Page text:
When old fam­ily friends, for­mer An­glo Plat­inum en­gi­neer Sid Oer­tel and his wife, Kate, re­tired to the nearby town of Tweespruit, it seemed as though they’d been sent just when Jenny was about to give up. (Read more about Tweespruit, the town where Sid grew up, over­leaf.) >

Sid and Al­lan Hoy, one of the but­ter mak­ers at a cheese fac­tory in Tweespruit that went bank­rupt in the ’80s after years of mis­man­age­ment, de­cided to re­vive the town’s dairy tra­di­tion and started mak­ing cheese un­der the name Tweespruit Coun­try Dairy. Six months later, when Al­lan had to re­tire for health rea­sons, Sid took over as cheese maker. And then they asked Jenny whether she wanted to move her ice-cream pro­duc­tion to their small fac­tory in town.

The cheese and ice-cream divi­sion of the en­ter­prise grew steadily, and two of their cheeses won prizes at the Bloem­fontein Show. But then fate struck again: on 31 May 2017 Sid woke up with numb­ness in his legs and hands, which wors­ened through the night. Ann and Jenny rushed him to hospi­tal in Bloem­fontein. By the next day he was com­pletely paral­ysed

“My fa­ther thinks I’ve taken leave of my senses, but I must di­ver­sify if I want to keep my head above wa­ter.”

and di­ag­nosed with Guil­lain-Barré syn­drome. Thanks to the quick ac­tions of a spe­cial­ist and emer­gency treat­ment with haemoglobin, Sid re­cov­ered, but un­for­tu­nately their joint en­ter­prise has had to close its doors.

FOR JENNY this meant an­other op­por­tu­nity to make a fresh start. On her own. She’s just started an “um­brella trade­mark”, The Ap­ple Shed, and has breathed new life into the for­mer ap­ple shed on the farm, paint­ing it in cheer­ful ice-cream shades.

This is where she’s placed the pantry cup­board that be­longed to her great­grand­mother on her mother’s side, Marge Arnold. The cup­board was the hand­i­work of her great-grand­fa­ther, Arthur Arnold, who hailed from Llan­dudno in Wales. He met Marge in Belfast, North­ern Ire­land, when he was a mem­ber of the team of car­pen­ters mak­ing fur­ni­ture for the Ti­tanic.

Jenny con­tin­ues to ex­per­i­ment with new flavours of Dairy Duchess ice cream, but also wants to try her hand at savoury dishes, bis­cuits, rusks, frozen con­ve­nience foods, and her grand­mother’s fa­mous Lady D’s le­mon syrup… and will pos­si­bly also re­alise an­other dream: open­ing a farm stall­cum-restau­rant where, on Sun­days, she can serve brunch and tra­di­tional farm­style Sun­day fare.

“My fa­ther thinks I’ve taken leave of my senses,” says Jenny, “but I must di­ver­sify if I want to keep my head above wa­ter, just like they’ve had to di­ver­sify the fam­ily busi­ness.”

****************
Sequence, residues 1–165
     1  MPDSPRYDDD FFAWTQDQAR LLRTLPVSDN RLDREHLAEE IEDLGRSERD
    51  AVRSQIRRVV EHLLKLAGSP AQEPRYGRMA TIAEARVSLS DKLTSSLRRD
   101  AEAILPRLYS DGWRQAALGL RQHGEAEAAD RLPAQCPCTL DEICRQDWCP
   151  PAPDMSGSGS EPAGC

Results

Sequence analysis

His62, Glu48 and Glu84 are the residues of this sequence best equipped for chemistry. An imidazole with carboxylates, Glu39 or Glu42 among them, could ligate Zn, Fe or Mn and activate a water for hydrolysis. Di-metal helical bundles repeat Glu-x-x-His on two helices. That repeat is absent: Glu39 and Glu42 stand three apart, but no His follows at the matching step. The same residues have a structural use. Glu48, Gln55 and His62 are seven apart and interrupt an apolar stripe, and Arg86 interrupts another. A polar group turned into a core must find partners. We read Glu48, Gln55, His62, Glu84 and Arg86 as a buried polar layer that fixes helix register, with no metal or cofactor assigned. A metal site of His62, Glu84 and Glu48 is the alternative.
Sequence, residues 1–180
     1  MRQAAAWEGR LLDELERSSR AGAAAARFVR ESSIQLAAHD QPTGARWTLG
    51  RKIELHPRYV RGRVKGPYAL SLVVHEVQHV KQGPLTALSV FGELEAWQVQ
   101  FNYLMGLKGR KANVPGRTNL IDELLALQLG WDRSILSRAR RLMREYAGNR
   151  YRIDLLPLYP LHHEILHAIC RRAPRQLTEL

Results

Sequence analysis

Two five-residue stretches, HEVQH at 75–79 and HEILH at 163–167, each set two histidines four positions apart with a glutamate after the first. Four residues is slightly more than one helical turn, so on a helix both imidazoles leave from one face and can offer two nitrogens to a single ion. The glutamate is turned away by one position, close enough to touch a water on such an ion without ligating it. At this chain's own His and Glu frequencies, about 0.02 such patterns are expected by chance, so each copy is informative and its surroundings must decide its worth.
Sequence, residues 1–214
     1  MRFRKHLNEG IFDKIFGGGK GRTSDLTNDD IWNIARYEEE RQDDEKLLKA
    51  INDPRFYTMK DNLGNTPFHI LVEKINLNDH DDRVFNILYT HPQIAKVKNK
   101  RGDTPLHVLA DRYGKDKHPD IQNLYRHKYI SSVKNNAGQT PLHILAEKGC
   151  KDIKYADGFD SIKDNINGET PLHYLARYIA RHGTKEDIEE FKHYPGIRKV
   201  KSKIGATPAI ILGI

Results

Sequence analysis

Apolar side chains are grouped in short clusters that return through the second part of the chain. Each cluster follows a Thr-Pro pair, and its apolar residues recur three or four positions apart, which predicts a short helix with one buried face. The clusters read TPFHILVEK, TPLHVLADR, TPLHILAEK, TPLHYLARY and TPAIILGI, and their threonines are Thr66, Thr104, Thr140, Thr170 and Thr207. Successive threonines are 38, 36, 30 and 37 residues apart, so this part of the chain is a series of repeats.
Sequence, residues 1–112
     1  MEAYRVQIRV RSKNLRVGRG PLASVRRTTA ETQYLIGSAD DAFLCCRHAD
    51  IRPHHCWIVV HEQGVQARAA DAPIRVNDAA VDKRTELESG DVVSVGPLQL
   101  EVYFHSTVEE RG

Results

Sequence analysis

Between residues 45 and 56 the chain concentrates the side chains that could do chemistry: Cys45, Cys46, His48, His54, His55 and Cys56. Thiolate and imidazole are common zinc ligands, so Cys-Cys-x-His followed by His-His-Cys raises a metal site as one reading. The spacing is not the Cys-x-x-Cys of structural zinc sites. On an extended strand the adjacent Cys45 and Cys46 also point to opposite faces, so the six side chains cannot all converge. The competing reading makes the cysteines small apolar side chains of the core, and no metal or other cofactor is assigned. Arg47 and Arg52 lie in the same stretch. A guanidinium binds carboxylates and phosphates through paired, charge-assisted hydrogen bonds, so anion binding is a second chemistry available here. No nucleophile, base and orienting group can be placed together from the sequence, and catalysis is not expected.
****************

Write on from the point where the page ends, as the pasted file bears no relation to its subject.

The part­ners in the fam­ily ven­ture, which in­cludes their Ot­ter­shaw Beef­mas­ters herd, are Dan and Ann, along with Jenny’s un­cle and aunt, Arthur and Rose Gil­bert, who live on the neigh­bour­ing farm, Crich­ton. Of the 1 100ha arable land, about 500ha are ded­i­cated to sun­flow­ers, 300ha to maize (mostly for feed), and a small amount to teff. And they are par­tic­i­pat­ing in a seed­share project with young farm­ers in the dis­trict who can­not af­ford to buy land but who farm on 225ha of the fam­ily’s land, sup­ply­ing labour and ma­chin­ery. “We’ll see how it goes,” says Dan. “Yes, we’ll see,” says Jenny. And then they laugh be­cause – vis­ually im­paired or blind, or not – see­ing is see­ing, and be­liev­ing is be­liev­ing.

dairy­duches­sice­cream@gmail.com 082 923 4010

Jenny Bur­nett, the woman be­hind Dairy Duchess ice cream, here pho­tographed with Chance in the for­mer ap­ple shed on the farm, which she has painted in ice-cream colours. The sea­green pantry cup­board is the hand­i­work of her great-grand­fa­ther, Arthur Arnold, who made fur­ni­ture for the Ti­tanic.


Jenny has in­tro­duced nearly 30 ice­cream flavours al­ready. The most re­cent ad­di­tion is poached pear.

LEFT The Free State peach trees were in full bloom when Plat­te­land vis­ited in Septem­ber. Be­fore the sum­mer rains came, the plains around West­min­ster looked so bleak and dry that even a rusty old wreck pro­vided a lit­tle colour.

Dozer, the Bur­netts’ boer­boel-great Dane cross, lies on a car­pet of leaves in the gar­den.

Dan and Ann Bur­nett, and Jenny in the mid­dle, at the small ceme­tery on their farm. In the back­ground is the farm­house and Jenny’s cot­tage, which used to be the farm of­fice and the only class­room of the farm school.

LEFT The farm­house, one of the orig­i­nal West­min­ster Es­tate houses, was built in 1904 – this sepia photo is be­lieved to have been taken in 1907. The Bur­netts say a black wax some­times oozes through the floor planks be­cause a sec­tion of the house was at one time oc­cu­pied by one of the first cheese fac­to­ries in the area.

Chance, Jenny and Ann at an old ce­ment reser­voir on the farm. In sum­mer, when there’s more wa­ter in the dam, it is a pop­u­lar swim spot.